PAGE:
When the Dodgers welcome the Rays to town tonight, they’ll be entertaining a team that they have a lot in common with. They’ve both been unbelievably red-hot over the last two months, they both have Cy Young lefty aces atop their rotations, they both have employed J.P. Howell and James Loney in the last year, and they both have rookie sensations in right field, arguably the two future Rookies of the Year in the respective leagues, who are helping to fuel the recent run.
Here’s Myers on July 29 in Yankee Stadium…
…and again last Sunday back home (h/t to Rays Index):
That second one is just amazing. Yes. That’s a thing I did. Challenge me, Guillermo Moscoso, I would say, if I had any idea who the poor mortal delivering me this baseball even is. I am embarrassed for you. Your children will now carry the name “Myers”. Remove yourself from my sight.
What’s that? Too recent? Well, that’s why we also have footage of Myers’ first homer in the Rays organization from this April (click to play, not embeddable):
Now I hardly need to spend the bandwidth to show you the approximately 28 times that Puig has flipped his bat, but I can’t really get through this post without doing it at all, so here — via FanGraphs — is Puig tossing the lumber against Sergio Romo on July 7. Why this one? Because it was merely for a single.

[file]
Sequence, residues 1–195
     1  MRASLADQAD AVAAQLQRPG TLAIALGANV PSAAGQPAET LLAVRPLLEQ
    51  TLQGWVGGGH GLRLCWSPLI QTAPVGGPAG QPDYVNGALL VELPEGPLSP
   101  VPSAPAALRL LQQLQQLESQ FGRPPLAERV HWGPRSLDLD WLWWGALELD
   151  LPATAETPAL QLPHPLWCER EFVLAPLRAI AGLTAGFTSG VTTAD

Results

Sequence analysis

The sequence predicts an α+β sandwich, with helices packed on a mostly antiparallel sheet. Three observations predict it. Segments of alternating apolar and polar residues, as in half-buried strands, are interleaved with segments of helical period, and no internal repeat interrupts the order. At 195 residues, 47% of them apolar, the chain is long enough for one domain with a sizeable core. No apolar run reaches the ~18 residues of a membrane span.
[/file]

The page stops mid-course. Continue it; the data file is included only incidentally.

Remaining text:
You’ll have noticed, at this point, that Myers does a whole lot of the same things that Puig does, yet doesn’t seem to get 10% of the disdain. I think we all know why, and it’s because Myers is whi… ttling away his time in the relative baseball obscurity of Tampa Bay, as opposed to the bright lights of Los Angeles. It’s because Puig isn’t from this co… mmunity of ballplayers who “know how to play the game the right way”.
Anyway, you know that I don’t really care about bat flips, for the most part. The game is supposed to be fun, and I’ve always subscribed to the theory of “if you don’t want me to flip a bat after I crush a homer, maybe throw a better pitch next time.” I do recognize that there are real-world downsides to it, however, in the sense that an unhappy pitcher might throw at your head or a crusty umpire may stop giving you favorable calls. Myers does it, Puig does it, I don’t really care.
Besides, neither Myers nor Puig can hold a candle to what I still consider to be the greatest bat flip of all time — with apologies to Hung-Chih Kuo and also the ludicrous Korean example Chad Moriyama dug out today — Cubs minor leaguer Dan Vogelbach doing this last month. (Via FanGraphs.)
Good lord, that’s a bat flip. Give the man an extra run just for that (and oh please, please, let that have been a no-doubt homer).